The grand grove of deodar in Jageshwar mirrored my idea of paradise. An undulating turn brought us to the Himalayan valley. Beside the concrete road, I heard a reticent stream trickle. And the ancient deodar trees rose stately from the earth to high skies. I stared at them from a half-opened passenger window of the cab.

Jageshwar, about 35 kilometres away from Almora in Kumaon Uttarakhand, is known for its ancient temples. Jageshwar Dham is a cluster of temples, which go back to the 9th century (probable time period). Among the 125 shrines here, there are sanctums of Mahamrityunjaya, Surya and Durga.

The Archaeological Museum of Jageshwar, under the ASI, may seem negligible for its repute but its collection excels expectations. Sculptures on different types of stone are placed on wooden stands and shielded by clear glass. The earliest among these go back to 8th century. There are panels of Trimurti, statues of Surya, Shiva, Ganga, Durga and a host of other deities. The most spectacular in the exhibition was the stone panel of the Navagraha.

A kilometre ahead of Jageshwar Dham is the quiet and fairly small Dandeshwar. This group was perhaps built in the 9th century and has 14 shrines. Paun Raja, a highly detailed metal figure of a king, is most popular here. It is now a part of the Archaeological Museum, where visitors can study the ornamental statue.

Read: The Bedni and Ali Bugyal Trek, Uttarakhand

Jageshwar Uttarakhand travel blog India
The unbelievable deodar forest of Jageshwar.
Jageshwar Uttarakhand travel blog India
Even on a cloudy day, the green cover dominates its landscape.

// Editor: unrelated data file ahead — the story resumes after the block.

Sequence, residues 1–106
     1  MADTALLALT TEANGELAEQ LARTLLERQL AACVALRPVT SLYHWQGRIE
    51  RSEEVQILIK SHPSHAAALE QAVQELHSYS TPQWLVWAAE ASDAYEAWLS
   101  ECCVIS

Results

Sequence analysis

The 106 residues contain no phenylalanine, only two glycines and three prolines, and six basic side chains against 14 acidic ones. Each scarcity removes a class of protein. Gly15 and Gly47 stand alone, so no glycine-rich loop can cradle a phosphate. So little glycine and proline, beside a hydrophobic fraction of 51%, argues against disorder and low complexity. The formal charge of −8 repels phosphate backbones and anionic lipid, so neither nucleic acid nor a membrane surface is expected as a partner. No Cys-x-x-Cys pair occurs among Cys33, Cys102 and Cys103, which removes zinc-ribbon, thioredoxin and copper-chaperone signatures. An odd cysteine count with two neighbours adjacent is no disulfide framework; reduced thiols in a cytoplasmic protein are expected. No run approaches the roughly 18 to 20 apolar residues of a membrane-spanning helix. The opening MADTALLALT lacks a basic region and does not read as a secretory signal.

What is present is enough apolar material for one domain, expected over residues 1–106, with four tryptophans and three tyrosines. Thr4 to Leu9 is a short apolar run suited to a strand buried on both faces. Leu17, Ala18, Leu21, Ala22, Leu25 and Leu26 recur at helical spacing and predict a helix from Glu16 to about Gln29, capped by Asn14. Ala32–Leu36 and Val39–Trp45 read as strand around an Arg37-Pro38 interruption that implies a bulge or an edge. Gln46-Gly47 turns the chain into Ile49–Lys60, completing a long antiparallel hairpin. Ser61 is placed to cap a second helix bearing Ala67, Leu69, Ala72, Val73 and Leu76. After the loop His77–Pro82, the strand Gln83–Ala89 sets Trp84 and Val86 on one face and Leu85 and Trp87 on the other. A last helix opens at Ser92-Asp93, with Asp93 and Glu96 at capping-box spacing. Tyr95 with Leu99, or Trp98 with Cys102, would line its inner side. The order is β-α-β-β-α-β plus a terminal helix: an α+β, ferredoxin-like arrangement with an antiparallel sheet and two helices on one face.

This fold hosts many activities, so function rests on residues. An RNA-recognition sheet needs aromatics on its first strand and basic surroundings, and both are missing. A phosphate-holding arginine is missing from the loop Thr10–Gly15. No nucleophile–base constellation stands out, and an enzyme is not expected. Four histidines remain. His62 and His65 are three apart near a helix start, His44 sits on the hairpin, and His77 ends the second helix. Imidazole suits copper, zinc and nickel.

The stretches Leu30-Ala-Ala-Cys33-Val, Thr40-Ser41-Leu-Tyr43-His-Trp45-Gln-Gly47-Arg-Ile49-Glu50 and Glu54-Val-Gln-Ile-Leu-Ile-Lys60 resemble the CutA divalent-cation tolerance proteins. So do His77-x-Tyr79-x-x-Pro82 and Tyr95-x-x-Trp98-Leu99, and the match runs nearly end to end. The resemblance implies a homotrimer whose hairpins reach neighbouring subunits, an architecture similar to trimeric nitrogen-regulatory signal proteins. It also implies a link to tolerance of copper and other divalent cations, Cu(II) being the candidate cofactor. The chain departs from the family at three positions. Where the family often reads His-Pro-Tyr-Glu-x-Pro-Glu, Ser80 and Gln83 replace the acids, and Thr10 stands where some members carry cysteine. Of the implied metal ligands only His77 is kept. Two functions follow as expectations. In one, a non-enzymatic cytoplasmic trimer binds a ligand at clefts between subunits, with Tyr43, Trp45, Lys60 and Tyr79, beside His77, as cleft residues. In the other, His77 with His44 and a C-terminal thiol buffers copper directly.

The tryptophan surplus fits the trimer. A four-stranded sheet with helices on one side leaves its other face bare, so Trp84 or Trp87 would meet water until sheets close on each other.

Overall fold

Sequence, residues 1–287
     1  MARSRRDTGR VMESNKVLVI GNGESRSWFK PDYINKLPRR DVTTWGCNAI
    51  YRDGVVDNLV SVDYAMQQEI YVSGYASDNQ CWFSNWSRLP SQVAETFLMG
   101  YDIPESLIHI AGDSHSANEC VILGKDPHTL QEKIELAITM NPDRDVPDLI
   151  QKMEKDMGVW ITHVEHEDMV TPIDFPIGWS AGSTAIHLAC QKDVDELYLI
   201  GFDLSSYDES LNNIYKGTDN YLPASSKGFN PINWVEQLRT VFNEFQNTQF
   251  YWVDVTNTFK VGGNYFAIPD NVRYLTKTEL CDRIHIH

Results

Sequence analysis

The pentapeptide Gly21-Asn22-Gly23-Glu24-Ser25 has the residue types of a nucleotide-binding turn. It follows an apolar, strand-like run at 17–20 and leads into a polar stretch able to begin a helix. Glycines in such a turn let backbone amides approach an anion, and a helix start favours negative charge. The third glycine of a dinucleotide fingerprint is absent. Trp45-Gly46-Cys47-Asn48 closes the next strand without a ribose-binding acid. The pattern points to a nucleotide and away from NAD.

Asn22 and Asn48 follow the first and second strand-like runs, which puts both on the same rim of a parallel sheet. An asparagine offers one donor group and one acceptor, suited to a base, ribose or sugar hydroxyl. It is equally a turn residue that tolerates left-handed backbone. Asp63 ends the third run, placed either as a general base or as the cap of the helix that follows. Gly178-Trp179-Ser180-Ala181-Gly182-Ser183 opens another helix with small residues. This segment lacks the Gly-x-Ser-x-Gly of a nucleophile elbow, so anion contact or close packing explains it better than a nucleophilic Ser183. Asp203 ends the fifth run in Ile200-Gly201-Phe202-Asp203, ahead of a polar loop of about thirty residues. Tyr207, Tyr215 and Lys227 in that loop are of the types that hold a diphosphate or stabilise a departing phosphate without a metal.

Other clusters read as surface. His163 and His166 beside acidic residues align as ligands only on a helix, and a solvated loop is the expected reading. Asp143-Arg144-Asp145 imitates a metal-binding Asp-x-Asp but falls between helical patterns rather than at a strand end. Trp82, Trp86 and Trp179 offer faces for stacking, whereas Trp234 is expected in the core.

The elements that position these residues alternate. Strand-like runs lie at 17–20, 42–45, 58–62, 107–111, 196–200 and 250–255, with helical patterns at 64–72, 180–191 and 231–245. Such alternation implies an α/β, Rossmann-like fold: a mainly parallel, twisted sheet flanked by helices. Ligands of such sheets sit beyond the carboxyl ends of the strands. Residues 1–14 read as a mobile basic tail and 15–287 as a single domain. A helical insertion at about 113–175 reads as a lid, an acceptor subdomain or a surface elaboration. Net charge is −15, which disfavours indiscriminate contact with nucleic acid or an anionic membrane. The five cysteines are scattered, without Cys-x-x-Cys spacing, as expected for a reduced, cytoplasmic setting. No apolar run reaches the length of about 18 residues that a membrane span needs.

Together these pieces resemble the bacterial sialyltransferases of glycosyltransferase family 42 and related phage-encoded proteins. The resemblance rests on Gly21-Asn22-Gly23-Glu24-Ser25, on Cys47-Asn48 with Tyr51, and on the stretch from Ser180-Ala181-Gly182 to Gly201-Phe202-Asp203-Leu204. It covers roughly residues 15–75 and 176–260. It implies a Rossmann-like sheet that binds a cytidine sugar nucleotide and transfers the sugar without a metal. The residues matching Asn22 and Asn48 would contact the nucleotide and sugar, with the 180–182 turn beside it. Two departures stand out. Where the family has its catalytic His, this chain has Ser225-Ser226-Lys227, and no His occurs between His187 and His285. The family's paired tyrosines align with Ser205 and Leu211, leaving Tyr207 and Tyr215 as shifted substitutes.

Jageshwar Uttarakhand travel blog India
Scattered ruins on Dandeshwar-Jageshwar Road.
Jageshwar Uttarakhand travel blog India
Life lessons painted on pillars of a tea stall.
Jageshwar Uttarakhand travel blog India
The tallest temple of Dandeshwar.
Jageshwar Uttarakhand travel blog India
Carvings on stone in the central shrine of Dandeshwar.
Jageshwar Uttarakhand travel blog India
A closed sanctum in Dandeshwar temple complex.
Jageshwar Uttarakhand travel blog India
Beads being sold outside the entrance of Jageshwar Dham.
Jageshwar Uttarakhand travel blog India
Traditional Kumaoni architecture with carved wooden windows.
Jageshwar Uttarakhand travel blog India
Hours of idleness in Jageshwar.
Jageshwar Uttarakhand travel blog India
An incredible stela with a carved doorway and a stone disc at the top.
Jageshwar Uttarakhand travel blog India
Stacked stone slabs and lotus motif discs are a common feature of all shrines.
Jageshwar Uttarakhand travel blog India
Another closed sanctum with detailed carvings of deities and dwar pal (door guards).
Jageshwar Uttarakhand travel blog India
Inscriptions on subtle relief seen below the canopy at the top.
Jageshwar Uttarakhand travel blog India
Entrance to the Mahamrityunjaya temple.
Jageshwar Uttarakhand travel blog India
The central stretch of the cluster.
Jageshwar Uttarakhand travel blog India
Van Serai Jageshwar delicately fits into the architectural style of Kumaon.

Read: The Kilmora Women of Kumaon, Uttarakhand

There is magic in the silence of Jageshwar. In the cold chilly evenings sometimes I heard the forest speak with me. Even if I lived on the other side of the world, I would never be too far from this spirited space. Its spiritual beauty haunts me. Every day.

Good to know
-Photography and mobile phones not permitted in the Archeological Museum Jageshwar.
-Entry to the museum is free. It is open from Saturday to Thursday, from 0900hrs to 1700hrs.
-Van Serai is an idyllic place to stay when in Jageshwar. Go here for more details.
-The tall groves of deodar make Jageshwar a degree or two cooler than surrounding hamlets, villages. Go prepared.

Read: People of Kumaon, Uttarakhand (Part 2)

Have you experienced the magic of Jageshwar?

Note: This visit to Uttarakhand was made possible by Uttarakhand Tourism Development Board and Lonely Planet Magazine India. Of course, my love for the state is evident.

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Amrita Das

Amrita is a freelance travel writer and professional travel blogger. She has been contributing to some of the top publications in India and internationally. She propagates female solo travel and shares her experiences from off-beat, culture and adventure travel through her writing.

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